A sticker in support of Christine Blasey Ford is seen outside the U.S. Supreme Court on Friday. Ford, who has accused Supreme Court nominee Brett M. Kavanaugh of sexual assault, has agreed to testify before a Senate panel. (Al Drago/Bloomberg News)

Kristina Ruehli came forward in 2005, among the many women who accused Bill Cosby of sexual assault. At the time, she chose to remain anonymous and was known simply as Jane Doe No. 12. A decade passed before Ruehli felt prepared to identify herself by name.

She was later elected to testify about a 50-year-old assault at Cosby’s criminal trial. Now convicted of several felony sex crimes, he will be sentenced Monday, the same day that Christine Blasey Ford was initially set to appear before the Senate Judiciary Committee to testify about the assault she alleged Supreme Court nominee Brett M. Kavanaugh committed against her.

Ruehli, now 75, was also scheduled for court Monday as one of several Cosby accusers delivering a witness statement. The thought of facing her past, much like Ford on Thursday, does not ruffle her.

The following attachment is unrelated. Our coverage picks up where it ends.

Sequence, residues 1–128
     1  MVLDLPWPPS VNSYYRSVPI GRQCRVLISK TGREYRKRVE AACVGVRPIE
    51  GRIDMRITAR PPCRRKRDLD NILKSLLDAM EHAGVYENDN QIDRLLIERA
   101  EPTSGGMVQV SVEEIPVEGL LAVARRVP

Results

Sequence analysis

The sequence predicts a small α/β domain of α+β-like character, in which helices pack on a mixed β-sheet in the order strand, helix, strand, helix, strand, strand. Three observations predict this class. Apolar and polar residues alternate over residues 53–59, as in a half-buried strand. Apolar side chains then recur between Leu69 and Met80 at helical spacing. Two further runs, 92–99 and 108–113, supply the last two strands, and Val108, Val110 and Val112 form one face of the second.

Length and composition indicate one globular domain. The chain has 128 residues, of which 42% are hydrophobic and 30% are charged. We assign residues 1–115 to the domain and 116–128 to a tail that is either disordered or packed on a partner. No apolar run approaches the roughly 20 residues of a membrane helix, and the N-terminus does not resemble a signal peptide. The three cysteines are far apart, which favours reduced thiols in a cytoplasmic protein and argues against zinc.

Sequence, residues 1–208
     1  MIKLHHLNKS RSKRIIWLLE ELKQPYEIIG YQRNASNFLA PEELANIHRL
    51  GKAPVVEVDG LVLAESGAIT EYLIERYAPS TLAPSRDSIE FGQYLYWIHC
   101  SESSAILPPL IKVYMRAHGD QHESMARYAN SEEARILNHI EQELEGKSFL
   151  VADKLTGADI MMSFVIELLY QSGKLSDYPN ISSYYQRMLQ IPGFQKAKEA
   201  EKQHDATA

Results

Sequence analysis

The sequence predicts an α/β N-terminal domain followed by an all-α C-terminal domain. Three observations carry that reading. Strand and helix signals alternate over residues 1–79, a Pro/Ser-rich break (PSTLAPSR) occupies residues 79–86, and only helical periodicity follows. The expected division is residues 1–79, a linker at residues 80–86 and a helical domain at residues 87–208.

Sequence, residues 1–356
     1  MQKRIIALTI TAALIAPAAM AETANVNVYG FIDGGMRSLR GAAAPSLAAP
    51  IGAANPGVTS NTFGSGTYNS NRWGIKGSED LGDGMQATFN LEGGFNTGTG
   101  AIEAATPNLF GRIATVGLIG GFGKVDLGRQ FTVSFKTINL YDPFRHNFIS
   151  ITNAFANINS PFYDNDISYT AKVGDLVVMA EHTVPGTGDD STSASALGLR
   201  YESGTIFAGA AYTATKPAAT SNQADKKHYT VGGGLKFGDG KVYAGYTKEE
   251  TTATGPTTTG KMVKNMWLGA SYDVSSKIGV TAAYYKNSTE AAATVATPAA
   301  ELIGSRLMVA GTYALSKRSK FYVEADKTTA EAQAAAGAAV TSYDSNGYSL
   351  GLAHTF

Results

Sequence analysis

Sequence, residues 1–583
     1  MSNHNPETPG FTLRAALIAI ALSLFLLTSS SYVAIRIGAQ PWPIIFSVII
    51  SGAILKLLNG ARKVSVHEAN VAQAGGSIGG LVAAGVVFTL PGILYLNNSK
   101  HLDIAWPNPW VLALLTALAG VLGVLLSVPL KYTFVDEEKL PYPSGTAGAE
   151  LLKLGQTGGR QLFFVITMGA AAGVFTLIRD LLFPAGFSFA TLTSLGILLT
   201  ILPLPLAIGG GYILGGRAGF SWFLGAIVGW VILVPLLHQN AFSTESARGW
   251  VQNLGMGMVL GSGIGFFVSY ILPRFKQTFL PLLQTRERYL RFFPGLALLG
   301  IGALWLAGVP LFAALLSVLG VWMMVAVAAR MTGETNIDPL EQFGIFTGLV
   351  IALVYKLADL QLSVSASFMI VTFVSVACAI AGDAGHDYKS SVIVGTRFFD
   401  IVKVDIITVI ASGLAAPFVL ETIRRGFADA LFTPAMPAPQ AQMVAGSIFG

“I knew I was telling the truth about what I remember. Even under scrutiny, you have a sense of calm because the truth is behind you,” she told The Washington Post.

Ruehli said that Cosby assaulted her in 1965 and that she mostly moved on, though the memory occasionally resurfaced. In 2005, she anonymously spoke up after a Pennsylvania woman, Andrea Constand, sued Cosby, alleging an attack reminiscent of her own, and was one of 60 women to go public nine years later.

After Ruehli’s accusations were published in Philadelphia Magazine, Cosby’s attorney slammed the women, calling their accusations “unsubstantiated, fantastical stories about things they say occurred 30, 40, or even 50 years ago.”

Ford’s critics — including President Trump and several Republican senators who will participate in the hearing — also have attacked her credibility with like-minded arguments.

“I can’t imagine what Dr. Ford is going through right now. I was swimming without a life raft, but at least I had 59 other women to divert attention,” Ruehli said.

Leaving California behind